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Oil Trades Near $60 on Storm Disruption as Glut Concerns Linger


By Saket Sundria and Alex Longley

(Bloomberg) Oil traded near $60 a barrel after a storm shut almost three-quarters of U.S. Gulf of Mexico crude production, even as lingering demand concerns continue to dent the outlook.Futures rose 0.2% in New York. About 73% of crude output in the Gulf of Mexico was halted as of Sunday but some producers are preparing to return workers to offshore platforms as storm Barry weakens after making landfall. The shutdown countered the impact of China’s economy slowing to a three-decade low in the second quarter amid a prolonged trade dispute with the U.S.

Crude has gained this month because of shrinking U.S. stockpiles and rising tensions in the Middle East. The U.K. and its allies are considering beefing up their military presence in the Persian Gulf to deal with the threat to shipping posed by Iran. Still, there are concerns over the longer term outlook for the oil market with OPEC warning of a glut in 2020 while the IEA pointed to a surprise increase in global inventories in the first half of this year.

“The basic message is that the second half of this year will see some depletion in global oil inventories but this will be followed by a dismal 2020,” PVM Oil Associates analyst Tamas Varga wrote in a report.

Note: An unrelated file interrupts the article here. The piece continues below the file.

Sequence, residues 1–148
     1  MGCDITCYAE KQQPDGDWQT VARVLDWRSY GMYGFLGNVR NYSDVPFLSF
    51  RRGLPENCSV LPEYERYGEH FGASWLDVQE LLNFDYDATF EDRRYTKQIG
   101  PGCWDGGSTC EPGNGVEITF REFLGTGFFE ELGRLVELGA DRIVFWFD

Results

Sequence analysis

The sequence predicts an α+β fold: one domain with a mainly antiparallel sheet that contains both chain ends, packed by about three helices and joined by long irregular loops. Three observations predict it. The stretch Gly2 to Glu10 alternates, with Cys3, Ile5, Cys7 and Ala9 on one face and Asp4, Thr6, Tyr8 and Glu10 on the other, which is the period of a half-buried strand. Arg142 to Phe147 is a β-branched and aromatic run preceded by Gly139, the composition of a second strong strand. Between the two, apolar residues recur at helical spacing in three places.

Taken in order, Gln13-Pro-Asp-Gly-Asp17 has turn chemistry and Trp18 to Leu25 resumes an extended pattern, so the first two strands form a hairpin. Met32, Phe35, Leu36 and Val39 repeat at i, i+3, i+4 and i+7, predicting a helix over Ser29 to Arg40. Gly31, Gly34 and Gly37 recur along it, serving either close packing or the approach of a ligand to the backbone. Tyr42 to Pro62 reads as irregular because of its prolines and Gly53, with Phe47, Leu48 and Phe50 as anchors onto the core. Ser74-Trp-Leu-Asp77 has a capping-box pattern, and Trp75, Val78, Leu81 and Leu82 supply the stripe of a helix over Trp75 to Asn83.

West Texas Intermediate for August delivery added 12 cents to $60.33 a barrel on the New York Mercantile Exchange as of 10:47 a.m. London time. Brent for September settlement was 24 cents higher at $66.96 a barrel on the ICE Futures Europe Exchange. The benchmark crude traded at a premium of $6.53 to WTI for the same month.

Exxon Mobil Corp. and Chevron Corp. are among companies returning workers to their offshore platforms and restarting output in the Gulf of Mexico following storm Barry. The region accounts for 16% of total American crude oil production and under 3% of natural gas production, according to the Department of Energy.

The International Energy Agency said Friday that production cuts by OPEC and its allies failed to prevent the return of a surplus in the first half of 2019 as supply exceeded demand at a rate of 900,000 barrels a day. China’s gross domestic product rose 6.2% in the second quarter from a year earlier, below the 6.4% expansion in the first quarter.

Other oil-market news
  • Hedge funds haven’t been this indifferent to crude in six years. Their combined bets on WTI crude rising or falling reached the lowest since March 2013 in the week ended July 9, according to U.S. Commodity Futures Trading Commission data released Friday.
  • France, Germany and the U.K. called on Iran to “act responsibly” and fully comply with commitments made in a 2015 international nuclear agreement amid rising tensions in the Persian Gulf.
  • There are no more oil tankers left inside the Persian Gulf flying the flags of the U.K., the Isle of Man, or Gibraltar, according to ship-tracking data compiled by Bloomberg.


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